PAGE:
Maccolades is a monthly round-up of the most recent accolades and accomplishments earned by members of the Macalester community. Below are highlights from April 2021.
From Mac to Africa by way of France: Professor awarded Fulbright to study colonial legacies
Dr. Lisa Mueller, professor of political science and director of African studies, has been awarded a Fulbright U.S. Scholar Award to conduct research at “Les Afriques dans le Monde,” a research laboratory at the University of Bordeaux in France. “I am eager to learn what concrete steps academics in France are taking to redress legacies of colonialism and racism in the classroom,” says Prof. Mueller. Her book project explores the effects of French and American aid on political parties in Africa and its implications for democracy and political behavior. Noting Fulbright’s emphasis on intercultural exchange, Dr. Mueller says, “I am thrilled to have received a grant so fitting Macalester’s traditions of internationalism and multiculturalism.”
When DOVE’s fly
Graduating senior Zahara Spilka ’21 (Mequon, Wisconsin) was awarded the Diversity of Views & Experiences (DOVE) fellowship from the University of Minnesota, where she will pursue a PhD this fall, studying the intersectionality of computer science, studio art, and psychology. The fellowship includes funding for tuition and summer research, as well as a $25,000 living stipend. Spilka will conduct research with her advisor, whose work focuses on virtual reality, immersive coding, and computer graphics. According to the University of Minnesota website, DOVE fellowships assist graduate programs in enhancing diversity through recruitment and support of students whose background, experiences, and achievements contribute to the University’s goal of promoting excellence through diversity.
Dancing with the truth: Theater professor sets NEA grant in motion
Praised by a recent press release as “imaginative, thoughtful, and provocative,” the performance “Here Lies the Truth” by Li-Chiao Ping Dance was awarded a $10,000 National Endowment for the Arts grant. Choreographer Li Chiao-Ping, visual artist Douglas Rosenberg–both professors at UW-Madison–and Prof. Cláudia Tatinge Nascimento, theater artist and chair of the Theater and Dance Department at Macalester, will collaborate in this project’s next iteration starting this summer. A timely and topical multimedia dance work, “Here Lies the Truth” explores how truth and lies infiltrate our personal and political environments.
What could go wrong? New book details exploitation of Native American history for tourism
Dr. Katrina Phillips, professor of American Indian history and a citizen of the Red Cliff Band of Lake Superior Ojibwe, has published a new book entitled Staging Indigeneity: Salvage Tourism and the Performance of Native American History. Salvage tourism refers to “the continued use of Indians and Indianness as a means of escape, entertainment, and economic development,” says Dr. Phillips. In the book, she explores how communities capitalized on the histories of Native American people to create tourist attractions in the 19th and 20th centuries. Locals staged performances that claimed to honor an Indigenous past while depicting that past on white settlers’ terms. A Wallace grant enabled Prof. Phillips to hire Kasia Majewski ’19 as a research assistant. “She was integral to the final outcome,” says Dr. Phillips. “Her research opened up a whole new scope.” While aimed at people who enjoy history and the performing arts, the book is accessible to a wide audience.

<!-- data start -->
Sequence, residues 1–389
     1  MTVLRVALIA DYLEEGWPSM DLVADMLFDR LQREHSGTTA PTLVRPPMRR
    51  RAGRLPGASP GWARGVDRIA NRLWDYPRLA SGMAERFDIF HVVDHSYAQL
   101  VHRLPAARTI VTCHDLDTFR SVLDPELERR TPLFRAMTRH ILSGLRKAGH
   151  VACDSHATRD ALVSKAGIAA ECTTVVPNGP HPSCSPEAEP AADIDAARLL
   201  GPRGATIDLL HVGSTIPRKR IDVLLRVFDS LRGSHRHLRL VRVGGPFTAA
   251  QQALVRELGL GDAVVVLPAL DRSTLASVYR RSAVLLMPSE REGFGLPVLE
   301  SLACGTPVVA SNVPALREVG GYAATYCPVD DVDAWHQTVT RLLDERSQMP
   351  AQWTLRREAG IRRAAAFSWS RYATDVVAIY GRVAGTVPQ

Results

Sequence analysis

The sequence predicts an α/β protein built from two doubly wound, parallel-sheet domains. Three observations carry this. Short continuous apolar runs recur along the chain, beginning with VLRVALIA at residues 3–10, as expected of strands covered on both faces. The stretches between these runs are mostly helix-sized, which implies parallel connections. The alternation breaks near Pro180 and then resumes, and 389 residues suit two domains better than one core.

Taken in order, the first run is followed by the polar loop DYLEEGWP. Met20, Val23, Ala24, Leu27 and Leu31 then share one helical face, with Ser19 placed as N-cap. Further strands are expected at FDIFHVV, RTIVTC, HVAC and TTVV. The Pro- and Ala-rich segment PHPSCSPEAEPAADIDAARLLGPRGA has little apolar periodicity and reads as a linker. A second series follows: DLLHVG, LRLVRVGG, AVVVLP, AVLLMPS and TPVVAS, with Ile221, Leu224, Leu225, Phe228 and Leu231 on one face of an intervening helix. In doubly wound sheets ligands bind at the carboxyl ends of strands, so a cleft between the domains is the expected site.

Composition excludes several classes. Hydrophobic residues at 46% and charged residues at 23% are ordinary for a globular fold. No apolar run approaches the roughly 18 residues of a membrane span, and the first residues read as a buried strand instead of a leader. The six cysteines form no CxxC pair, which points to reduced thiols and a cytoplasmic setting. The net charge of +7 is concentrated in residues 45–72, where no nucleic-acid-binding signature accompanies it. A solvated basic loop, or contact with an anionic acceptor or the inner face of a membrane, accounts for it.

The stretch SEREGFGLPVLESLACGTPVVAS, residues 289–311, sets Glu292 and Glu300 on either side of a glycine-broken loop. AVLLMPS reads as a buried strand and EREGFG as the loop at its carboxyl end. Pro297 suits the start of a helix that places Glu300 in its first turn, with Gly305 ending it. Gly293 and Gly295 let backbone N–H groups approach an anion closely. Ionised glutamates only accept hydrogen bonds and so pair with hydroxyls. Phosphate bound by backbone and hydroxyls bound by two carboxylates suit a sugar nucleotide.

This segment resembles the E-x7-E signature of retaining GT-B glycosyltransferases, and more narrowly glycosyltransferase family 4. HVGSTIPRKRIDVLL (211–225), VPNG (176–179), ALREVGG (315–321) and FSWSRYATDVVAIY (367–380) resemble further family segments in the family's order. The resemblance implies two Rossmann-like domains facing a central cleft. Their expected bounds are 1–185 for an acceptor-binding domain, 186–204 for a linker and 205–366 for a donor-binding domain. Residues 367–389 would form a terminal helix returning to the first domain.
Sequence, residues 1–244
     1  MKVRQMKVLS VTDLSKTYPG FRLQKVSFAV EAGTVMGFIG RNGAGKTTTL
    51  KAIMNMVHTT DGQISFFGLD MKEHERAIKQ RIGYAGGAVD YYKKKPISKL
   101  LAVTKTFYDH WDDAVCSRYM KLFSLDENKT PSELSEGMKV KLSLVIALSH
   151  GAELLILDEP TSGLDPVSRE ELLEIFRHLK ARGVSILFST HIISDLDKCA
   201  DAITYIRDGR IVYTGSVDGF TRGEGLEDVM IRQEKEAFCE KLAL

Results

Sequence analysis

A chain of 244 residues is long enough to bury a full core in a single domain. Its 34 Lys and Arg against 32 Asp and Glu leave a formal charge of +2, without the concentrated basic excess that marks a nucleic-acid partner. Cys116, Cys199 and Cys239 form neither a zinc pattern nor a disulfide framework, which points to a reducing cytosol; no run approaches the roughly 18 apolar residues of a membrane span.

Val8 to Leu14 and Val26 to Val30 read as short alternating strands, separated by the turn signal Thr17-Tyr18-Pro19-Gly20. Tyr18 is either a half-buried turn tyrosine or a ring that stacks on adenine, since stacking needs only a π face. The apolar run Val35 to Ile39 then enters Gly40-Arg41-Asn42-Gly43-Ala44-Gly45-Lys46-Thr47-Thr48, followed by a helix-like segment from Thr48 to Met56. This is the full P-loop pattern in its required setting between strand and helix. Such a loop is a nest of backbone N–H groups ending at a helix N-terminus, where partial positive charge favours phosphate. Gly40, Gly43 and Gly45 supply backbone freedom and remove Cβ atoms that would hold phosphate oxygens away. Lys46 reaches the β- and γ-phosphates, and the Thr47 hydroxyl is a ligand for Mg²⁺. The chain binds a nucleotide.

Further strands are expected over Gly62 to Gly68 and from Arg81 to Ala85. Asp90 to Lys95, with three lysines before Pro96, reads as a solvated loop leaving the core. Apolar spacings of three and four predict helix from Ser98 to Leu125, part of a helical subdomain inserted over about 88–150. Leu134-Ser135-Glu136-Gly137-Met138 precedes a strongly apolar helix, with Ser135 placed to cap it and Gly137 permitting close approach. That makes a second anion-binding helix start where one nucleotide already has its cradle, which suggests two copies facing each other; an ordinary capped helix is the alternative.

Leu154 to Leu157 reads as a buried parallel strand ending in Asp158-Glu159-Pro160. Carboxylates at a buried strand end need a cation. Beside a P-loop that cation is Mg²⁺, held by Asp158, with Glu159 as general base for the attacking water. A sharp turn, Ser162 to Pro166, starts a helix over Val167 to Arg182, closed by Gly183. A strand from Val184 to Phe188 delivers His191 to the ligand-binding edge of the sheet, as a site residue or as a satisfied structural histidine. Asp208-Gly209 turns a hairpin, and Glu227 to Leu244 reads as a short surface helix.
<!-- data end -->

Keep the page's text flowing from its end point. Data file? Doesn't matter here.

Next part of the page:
How do you confidently say “new doctor” in French?
Longtime French language instructor Claude Cassagne has earned a doctoral degree in Educational Leadership from Concordia University in St. Paul. “It is an accomplishment I never thought I would do,” he says. His dissertation, “Alleviating Oral Communication Anxieties in College French Classes: The Impact of Professor-Student Connections,” is a direct example of his dedication to helping Mac students improve their language skills. “This affects how empathetic I and other professors are toward students who experience anxiety speaking a foreign language,” Dr. Cassagne says. “I use my research to help my students.”
To punish or not to punish: New book examines justice in Shakespeare’s England
English professor Penelope Geng has published a new book called Communal Justice in Shakespeare’s England: Drama, Law, and Emotion. Early modern English drama celebrated the ability of individuals to work alongside members of their community to restore justice. Praised as “rich and rewarding,” the book explores how playwrights such as Shakepeare used the participatory nature of theater to deepen public understanding of and respect for communal justice. “It’s important that we know more about the history and literature that shaped modern beliefs and practices of law, punishment, witnessing, and judgment,” says Dr. Geng. “I also wanted to challenge the idea that ‘law’ was made for and by the professional class.” Macalester students who took Shakespeare classes with Prof. Geng “deserve special recognition for illuminating details in the plays that I hadn’t fully appreciated until I read these plays alongside them in class,” she says.
How to be considered for future Maccolades
If you’ve recently earned an award, fellowship, or honor and would like it to be considered for inclusion in next month’s Maccolades, please let Communications & Marketing know by filling out this Maccolades form. For recent book publications, please use this book publication form.
April 30 2021Back to top